Fortunately, the relation of fungus development to beetle infestation is such as to favor eradication of the disease. Bark beetles do not start to breed in a diseased elm until the affected part is so weakened as to show external symptoms. Then 50 to 60 days elapse before the new adults mature, emerge, and spread the disease to other elms. Therefore, by systematically inspecting all elm trees within and near the infected area once a month during the foliage season, when the beetle is active and disease symptoms are readily apparent, and thoroughly destroying all diseased trees as soon as they are found, it appears practicable to prevent the escape of this disease carrier from every infected tree. Once the spread of the disease has been halted, continuation, for a number of years, of systematic inspection of the infected area and prompt destruction of trees in which belated symptoms appear should result in complete elimination of the disease.
Eighteen elms attacked by the Dutch elm disease have been found outside of the main area of infection in the vicinity of New York City. A single diseased tree was discovered in Cincinnati, Ohio, in 1930. In the same year 3 infected trees were found in Cleveland, Ohio, and additional infected trees have since been discovered, 4 in 1931, 1 in 1933, and 2 in 1934. One infected tree was found in Baltimore, Md., in 1933. New isolated infections in 1934 comprise 1 tree in Old Lyme, Conn., 1 tree at Norfolk, Va., and 4 trees in Indianapolis, Ind.
All these isolated infected trees, except the one near Old Lyme, Conn,, are definitely associated with known shipments of burl elm logs from Europe. Such logs are recognized as the means of entry of the Dutch elm disease into the United States. Present information indicates that the infected tree near Old Lyme resulted from the move- ment of domestic diseased material. There is no indication that any of these spot infections have become centers of spread, evidently because of the absence of the European elm bark beetle from these localities and because the diseased trees were immediately destroyed.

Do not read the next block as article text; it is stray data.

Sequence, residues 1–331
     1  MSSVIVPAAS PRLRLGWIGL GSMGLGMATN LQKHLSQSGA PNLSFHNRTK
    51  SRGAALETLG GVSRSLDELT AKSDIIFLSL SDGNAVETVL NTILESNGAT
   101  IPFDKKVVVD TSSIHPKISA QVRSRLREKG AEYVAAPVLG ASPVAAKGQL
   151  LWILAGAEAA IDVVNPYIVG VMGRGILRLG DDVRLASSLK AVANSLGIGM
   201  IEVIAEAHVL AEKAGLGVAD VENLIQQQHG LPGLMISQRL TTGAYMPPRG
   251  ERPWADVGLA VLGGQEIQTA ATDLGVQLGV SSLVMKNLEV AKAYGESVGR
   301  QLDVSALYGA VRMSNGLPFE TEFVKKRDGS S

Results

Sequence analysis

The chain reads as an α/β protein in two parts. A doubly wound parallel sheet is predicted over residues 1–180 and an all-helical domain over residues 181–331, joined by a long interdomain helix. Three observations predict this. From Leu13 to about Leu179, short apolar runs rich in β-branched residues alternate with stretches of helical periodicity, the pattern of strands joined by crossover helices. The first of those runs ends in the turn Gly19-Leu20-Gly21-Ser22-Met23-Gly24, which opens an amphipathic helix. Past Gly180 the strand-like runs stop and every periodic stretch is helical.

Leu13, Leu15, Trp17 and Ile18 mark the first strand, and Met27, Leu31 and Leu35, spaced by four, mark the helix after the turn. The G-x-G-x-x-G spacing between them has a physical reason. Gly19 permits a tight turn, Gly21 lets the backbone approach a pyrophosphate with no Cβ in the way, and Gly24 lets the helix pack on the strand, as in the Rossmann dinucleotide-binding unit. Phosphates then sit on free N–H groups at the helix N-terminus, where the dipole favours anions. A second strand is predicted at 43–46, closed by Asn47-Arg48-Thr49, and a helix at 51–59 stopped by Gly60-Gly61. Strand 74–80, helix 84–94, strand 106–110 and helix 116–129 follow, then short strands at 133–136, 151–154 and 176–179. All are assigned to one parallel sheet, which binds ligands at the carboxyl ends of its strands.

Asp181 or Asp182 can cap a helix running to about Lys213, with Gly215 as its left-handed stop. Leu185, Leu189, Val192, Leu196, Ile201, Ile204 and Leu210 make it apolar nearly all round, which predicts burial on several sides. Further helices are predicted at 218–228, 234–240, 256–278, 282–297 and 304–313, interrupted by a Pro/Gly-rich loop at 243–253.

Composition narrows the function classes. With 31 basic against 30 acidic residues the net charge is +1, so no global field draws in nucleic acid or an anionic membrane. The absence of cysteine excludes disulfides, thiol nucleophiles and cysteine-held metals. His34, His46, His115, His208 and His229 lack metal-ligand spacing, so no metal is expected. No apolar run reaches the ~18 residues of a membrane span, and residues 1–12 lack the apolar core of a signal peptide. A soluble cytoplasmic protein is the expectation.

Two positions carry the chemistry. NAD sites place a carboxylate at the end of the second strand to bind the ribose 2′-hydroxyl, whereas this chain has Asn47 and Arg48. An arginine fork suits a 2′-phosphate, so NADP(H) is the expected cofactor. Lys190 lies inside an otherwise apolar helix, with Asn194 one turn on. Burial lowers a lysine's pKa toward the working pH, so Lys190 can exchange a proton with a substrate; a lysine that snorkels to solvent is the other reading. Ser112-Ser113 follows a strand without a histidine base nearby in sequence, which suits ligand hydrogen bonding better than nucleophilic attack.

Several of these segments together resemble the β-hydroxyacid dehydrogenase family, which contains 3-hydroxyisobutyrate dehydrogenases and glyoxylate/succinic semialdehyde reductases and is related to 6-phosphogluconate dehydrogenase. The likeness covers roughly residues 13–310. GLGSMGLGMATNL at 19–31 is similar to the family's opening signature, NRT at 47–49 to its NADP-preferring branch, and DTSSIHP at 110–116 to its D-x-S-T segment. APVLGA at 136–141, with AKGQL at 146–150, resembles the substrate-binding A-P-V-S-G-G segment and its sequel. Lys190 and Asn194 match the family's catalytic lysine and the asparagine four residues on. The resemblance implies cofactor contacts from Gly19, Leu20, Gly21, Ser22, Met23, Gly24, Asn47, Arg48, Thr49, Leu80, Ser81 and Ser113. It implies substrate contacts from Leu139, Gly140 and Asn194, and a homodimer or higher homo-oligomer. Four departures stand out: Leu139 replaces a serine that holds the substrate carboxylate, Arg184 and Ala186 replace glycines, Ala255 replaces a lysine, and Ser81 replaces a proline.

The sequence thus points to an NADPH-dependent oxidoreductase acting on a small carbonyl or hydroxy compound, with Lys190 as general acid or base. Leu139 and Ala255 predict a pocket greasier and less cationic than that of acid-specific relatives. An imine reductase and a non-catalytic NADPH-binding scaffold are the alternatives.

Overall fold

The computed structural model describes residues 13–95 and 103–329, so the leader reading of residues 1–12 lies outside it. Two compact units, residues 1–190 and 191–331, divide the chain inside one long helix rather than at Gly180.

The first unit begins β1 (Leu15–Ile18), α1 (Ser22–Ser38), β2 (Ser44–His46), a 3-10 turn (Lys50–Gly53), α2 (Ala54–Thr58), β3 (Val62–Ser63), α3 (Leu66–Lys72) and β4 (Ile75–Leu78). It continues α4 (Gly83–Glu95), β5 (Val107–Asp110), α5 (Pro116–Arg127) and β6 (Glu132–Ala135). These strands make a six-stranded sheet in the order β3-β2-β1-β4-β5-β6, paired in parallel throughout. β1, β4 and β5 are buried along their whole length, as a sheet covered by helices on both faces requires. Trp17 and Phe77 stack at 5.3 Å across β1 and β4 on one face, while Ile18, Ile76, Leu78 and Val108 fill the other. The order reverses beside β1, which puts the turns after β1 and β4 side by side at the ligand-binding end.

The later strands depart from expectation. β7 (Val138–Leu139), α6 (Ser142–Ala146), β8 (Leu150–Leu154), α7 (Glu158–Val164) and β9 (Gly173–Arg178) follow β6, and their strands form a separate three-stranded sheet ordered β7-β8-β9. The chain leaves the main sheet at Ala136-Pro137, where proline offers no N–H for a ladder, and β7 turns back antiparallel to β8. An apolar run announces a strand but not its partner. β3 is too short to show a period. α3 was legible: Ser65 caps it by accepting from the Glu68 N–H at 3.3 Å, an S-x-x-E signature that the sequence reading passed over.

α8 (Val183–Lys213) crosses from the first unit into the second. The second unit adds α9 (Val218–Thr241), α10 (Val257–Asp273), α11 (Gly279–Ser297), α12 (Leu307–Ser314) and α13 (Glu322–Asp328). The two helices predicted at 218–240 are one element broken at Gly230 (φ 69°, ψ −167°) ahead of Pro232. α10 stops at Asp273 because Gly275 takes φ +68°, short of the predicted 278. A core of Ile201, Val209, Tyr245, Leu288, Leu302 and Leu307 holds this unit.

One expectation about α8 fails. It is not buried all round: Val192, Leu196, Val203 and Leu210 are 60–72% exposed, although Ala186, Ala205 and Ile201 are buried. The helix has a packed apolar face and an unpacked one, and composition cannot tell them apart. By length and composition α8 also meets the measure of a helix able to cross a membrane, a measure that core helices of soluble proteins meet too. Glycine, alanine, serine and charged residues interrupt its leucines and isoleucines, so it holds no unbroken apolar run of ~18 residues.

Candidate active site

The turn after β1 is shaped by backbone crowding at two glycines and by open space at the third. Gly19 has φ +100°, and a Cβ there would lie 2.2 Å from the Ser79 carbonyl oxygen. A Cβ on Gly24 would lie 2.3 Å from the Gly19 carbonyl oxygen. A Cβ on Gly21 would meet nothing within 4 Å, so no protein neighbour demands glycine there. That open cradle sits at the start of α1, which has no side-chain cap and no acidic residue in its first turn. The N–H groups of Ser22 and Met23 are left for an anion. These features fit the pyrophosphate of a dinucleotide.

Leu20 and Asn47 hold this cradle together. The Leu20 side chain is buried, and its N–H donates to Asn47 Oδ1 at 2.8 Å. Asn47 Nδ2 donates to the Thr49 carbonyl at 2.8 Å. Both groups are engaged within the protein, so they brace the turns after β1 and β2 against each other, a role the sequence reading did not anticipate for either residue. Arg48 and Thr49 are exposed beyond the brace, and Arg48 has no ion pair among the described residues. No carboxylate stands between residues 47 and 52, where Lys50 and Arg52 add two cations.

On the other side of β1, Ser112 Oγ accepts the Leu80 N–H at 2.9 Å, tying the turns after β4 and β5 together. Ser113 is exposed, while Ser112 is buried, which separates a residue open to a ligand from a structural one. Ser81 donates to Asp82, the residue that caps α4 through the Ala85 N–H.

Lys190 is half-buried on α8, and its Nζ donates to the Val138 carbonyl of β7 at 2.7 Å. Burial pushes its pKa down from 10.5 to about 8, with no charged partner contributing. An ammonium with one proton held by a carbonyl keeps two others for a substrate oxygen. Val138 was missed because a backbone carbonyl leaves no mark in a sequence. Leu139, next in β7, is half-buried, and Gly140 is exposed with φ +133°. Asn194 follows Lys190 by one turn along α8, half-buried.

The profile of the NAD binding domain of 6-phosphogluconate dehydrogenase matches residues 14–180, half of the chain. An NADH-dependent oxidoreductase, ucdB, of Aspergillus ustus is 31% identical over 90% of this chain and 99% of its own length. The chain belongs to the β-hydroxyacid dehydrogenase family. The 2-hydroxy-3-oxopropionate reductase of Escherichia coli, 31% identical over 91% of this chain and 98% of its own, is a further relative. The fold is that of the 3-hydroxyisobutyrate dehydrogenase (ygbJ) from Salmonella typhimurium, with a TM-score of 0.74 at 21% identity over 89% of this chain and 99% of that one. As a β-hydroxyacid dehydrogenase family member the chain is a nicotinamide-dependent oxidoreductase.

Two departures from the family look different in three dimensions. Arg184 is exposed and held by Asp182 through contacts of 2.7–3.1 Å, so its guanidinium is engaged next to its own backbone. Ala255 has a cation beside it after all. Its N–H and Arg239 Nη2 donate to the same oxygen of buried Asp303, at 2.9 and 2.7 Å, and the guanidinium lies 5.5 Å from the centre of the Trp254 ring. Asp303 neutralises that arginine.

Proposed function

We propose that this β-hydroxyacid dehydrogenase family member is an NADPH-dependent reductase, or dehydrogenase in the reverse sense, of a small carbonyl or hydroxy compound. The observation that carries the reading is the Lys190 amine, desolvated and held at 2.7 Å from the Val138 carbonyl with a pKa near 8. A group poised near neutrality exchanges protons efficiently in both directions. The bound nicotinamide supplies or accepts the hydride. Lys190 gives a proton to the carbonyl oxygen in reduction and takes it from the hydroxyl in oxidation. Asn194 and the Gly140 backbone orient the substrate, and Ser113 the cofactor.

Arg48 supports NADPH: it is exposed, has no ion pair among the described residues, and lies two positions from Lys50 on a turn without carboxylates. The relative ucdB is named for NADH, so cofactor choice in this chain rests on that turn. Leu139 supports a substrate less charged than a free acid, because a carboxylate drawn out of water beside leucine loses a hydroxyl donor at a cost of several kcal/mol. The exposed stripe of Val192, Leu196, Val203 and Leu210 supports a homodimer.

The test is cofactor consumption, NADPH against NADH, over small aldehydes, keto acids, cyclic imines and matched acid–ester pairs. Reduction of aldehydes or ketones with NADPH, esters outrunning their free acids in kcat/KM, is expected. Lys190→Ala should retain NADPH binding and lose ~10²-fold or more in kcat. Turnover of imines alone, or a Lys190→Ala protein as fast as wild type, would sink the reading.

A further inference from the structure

Following the finding of a diseased elm in Maplewood, N. J., in June 1933, extensive scouting was carried on in New Jersey, New York, Connecticut, and neighboring States in an attempt to define the limits of the infected area. During the winter and early in the spring of 1934 scouting for diseased trees and their destruction were continued by various recovery agencies. In May and June the rapid development of serious symptoms in elms infected in 1933 or in previous years necessitated a sharp upward revision of the estimated number of trees affected. The total number of diseased trees that had been found by October 24, 1934, in this infection center had reached 7,557, of which 5,032 were in New Jersey, 2,470 in New York, and 55 in Connecticut. All but approximately 1,450 of these trees had been removed by this date.2 One systematic examination of the entire area known to be infected, plus a survey of a safety border arbitrarily established 10 miles beyond the outlying infections found, was completed. A large part of this area was examined a second time, and a relatively small portion was examined three times at intervals of approximately 1 month.
Because at least one winter is required for the majority of infected trees to develop marked external symptoms, at no time does current information based on these symptoms necessarily represent the current status of the disease. Figure 17 represents the principal infected area and the number of diseased elms as known on October 24, 1934, after the completion of the first systematic examination of the known infected area and its environs.
In addition to the known diseased trees still standing, there is in the work area a large accumulation of dead and dying elms, many of which may be harboring the disease. Elimination of these decadent and dead elms is essential to the success of the disease-eradication program. The completion of this clean-up work before the spring of 1935 will permit concentration of location and eradication activities in 1935 on the new crop of dying elms.
The increased knowledge of the Dutch elm disease situation gained during 1934 has furnishe§ a sounder basis for optimism with respect the ultimate eradication of the disease. However, it is recognized that only a thorough, long-term program of adequate proportions can preserve for the future the stately beauty of this unsurpassed shade tree, the American elm.
1. After this article was written the Public Works Administration on the recommendation of the Department allotted $677,000 for combating the Dutch elm disease. Owing to a provision made by Congress, that the regular appropriation will be reduced by an amount equal to any amount that may be allotted for this purpose from Federal emergency appropriations, the amount actually available for combating the Dutch elm disease, including the location and removal of potentially diseased and dying elm trees, is $527,000. Work under this allotment was started early in 1935.
2. Diseased trees found in this infection center up to Apr. 6, 1935, totaled 7,773, of which 5,134 were in New Jersey, 2,383 in New York, and 56 in Connecticut. Only 6 known diseased trees remained standing.